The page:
Conscience Protection and Professional Responsibility

As secular bioethics increasingly becomes the dominant way that medicine understands its moral obligations, conscientious objection among religiously observant health professionals will likely increase. This is because secular bioethics relies heavily on a school of thought known as principlism (Beauchamp and Childress 2013). It maintains that health professionals should assess the morality of their clinical judgments on the basis of four principles — autonomy, nonmaleficence, benevolence, and justice — while at the same time excluding from their judgments contested metaphysical beliefs about the nature of the human person that are usually tightly tethered to religious traditions. Thus a patient’s good is determined almost exclusively on what he chooses to believe is in his interests and what fulfills his preference satisfaction.

Under a medical establishment shaped by principlism, there will be religiously observant health professionals who will decline for reasons of conscience to participate in, or refer a patient to physicians who are willing to provide certain procedures (e.g., abortion, euthanasia, sex reassignment surgery) that the patient believes are necessary for his wellbeing as he understands it. Some argue that such health professionals, with limited exceptions, should be viewed as acting in an unethical manner (Dickens 2009). Others, however, argue they should be accorded strong conscience protection, since the procedures are not contested for medical reasons, but rather for reasons having to do with deep and differing philosophical and theological positions for which the architects of modern liberal societies had promised tolerance (Kaczor 2012).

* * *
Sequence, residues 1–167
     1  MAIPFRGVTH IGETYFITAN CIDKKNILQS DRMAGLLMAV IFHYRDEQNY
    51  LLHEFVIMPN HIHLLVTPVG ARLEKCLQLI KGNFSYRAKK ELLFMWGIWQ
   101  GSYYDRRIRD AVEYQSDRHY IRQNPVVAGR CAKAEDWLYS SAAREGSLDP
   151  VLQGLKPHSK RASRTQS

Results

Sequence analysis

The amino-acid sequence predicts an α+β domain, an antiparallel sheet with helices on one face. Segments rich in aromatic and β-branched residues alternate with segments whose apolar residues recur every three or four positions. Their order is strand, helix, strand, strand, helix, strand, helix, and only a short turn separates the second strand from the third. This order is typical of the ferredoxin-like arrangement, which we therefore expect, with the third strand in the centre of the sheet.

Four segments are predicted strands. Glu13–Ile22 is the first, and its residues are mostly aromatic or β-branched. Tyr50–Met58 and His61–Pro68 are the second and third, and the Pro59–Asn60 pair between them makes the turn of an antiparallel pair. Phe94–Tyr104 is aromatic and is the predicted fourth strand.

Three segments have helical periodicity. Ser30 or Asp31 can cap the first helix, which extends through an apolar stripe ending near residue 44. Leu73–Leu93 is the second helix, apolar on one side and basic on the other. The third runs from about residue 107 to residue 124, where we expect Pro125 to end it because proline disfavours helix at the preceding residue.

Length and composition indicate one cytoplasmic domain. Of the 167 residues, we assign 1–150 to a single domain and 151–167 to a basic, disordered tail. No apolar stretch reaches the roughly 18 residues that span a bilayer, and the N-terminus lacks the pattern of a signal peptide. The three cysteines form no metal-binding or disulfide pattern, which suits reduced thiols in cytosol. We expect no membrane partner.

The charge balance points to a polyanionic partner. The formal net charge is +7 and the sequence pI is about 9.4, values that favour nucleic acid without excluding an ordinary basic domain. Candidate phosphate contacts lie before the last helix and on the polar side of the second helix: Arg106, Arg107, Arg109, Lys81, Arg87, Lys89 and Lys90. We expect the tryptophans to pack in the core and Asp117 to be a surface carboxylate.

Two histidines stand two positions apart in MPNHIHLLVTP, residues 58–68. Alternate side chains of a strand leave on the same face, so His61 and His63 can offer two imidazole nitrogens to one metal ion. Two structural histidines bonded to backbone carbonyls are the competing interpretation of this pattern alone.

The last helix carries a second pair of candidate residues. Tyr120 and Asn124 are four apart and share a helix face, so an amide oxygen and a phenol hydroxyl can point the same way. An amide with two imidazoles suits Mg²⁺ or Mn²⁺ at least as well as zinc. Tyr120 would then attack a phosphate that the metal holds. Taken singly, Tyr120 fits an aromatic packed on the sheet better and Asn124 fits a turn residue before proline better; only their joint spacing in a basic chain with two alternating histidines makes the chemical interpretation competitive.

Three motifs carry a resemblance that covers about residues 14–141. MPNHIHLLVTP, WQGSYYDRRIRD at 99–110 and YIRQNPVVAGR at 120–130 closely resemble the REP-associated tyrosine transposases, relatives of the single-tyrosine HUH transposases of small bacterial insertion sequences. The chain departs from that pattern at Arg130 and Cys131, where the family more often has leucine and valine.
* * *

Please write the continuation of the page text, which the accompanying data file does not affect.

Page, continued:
Francis J. Beckwith is Professor of Philosophy and Church-State Studies, and Co-Director of the Program in Philosophical Studies of Religion in the Institute for Studies of Religion, at Baylor University in Waco, Texas.


Austriaco, Nicanor Pier Giorgio. 2012. Biomedicine and Beatitude: An Introduction to Catholic Bioethics. Washington, DC: Catholic University of America Press.

Beauchamp, Tom L., and James F. Childress. 2013. Principles of Biomedical Ethics. 7th ed. Oxford: Oxford University Press.

Dickens, Bernard M. 2009. “Legal Protection and Limits of Conscientious Objection: When Conscientious Objection Becomes Unethical.” Medicine and Law 28:337 – 47.

George, Robert P., and Christopher Tollefsen. 2011. Embryo: A Defense of Human Life. 2nd ed. Princeton, NJ: Witherspoon Institute.

Kaczor, Christopher. 2012. “Conscientious Objection and Health Care: A Reply to Bernard Dickens.” Christian Bioethics 18:59 – 71.

Keown, John. 2002. Euthanasia, Ethics and Public Policy. Cambridge: Cambridge University Press.

Quill, Timothy. 1991. “Death and Dignity: A Case of Individualized Decision Making,” New England Journal of Medicine 324:691 – 94.

Rae, Scott B. 1996. Brave New Families: Biblical Ethics and Reproductive Technologies. Grand Rapids: Baker.

Rae, Scott B., and Paul Cox. 1999. Bioethics: A Christian Approach in a Pluralistic Age. Grand Rapids: Eerdmans.

Smith, Stephen S. 2012. End-of-Life Decisions in Medical Care: Principles and Policies for Regulating the Dying Process. Cambridge: Cambridge University Press.

Tooley, Michael. 1983. Abortion and Infanticide. Oxford: Oxford University Press.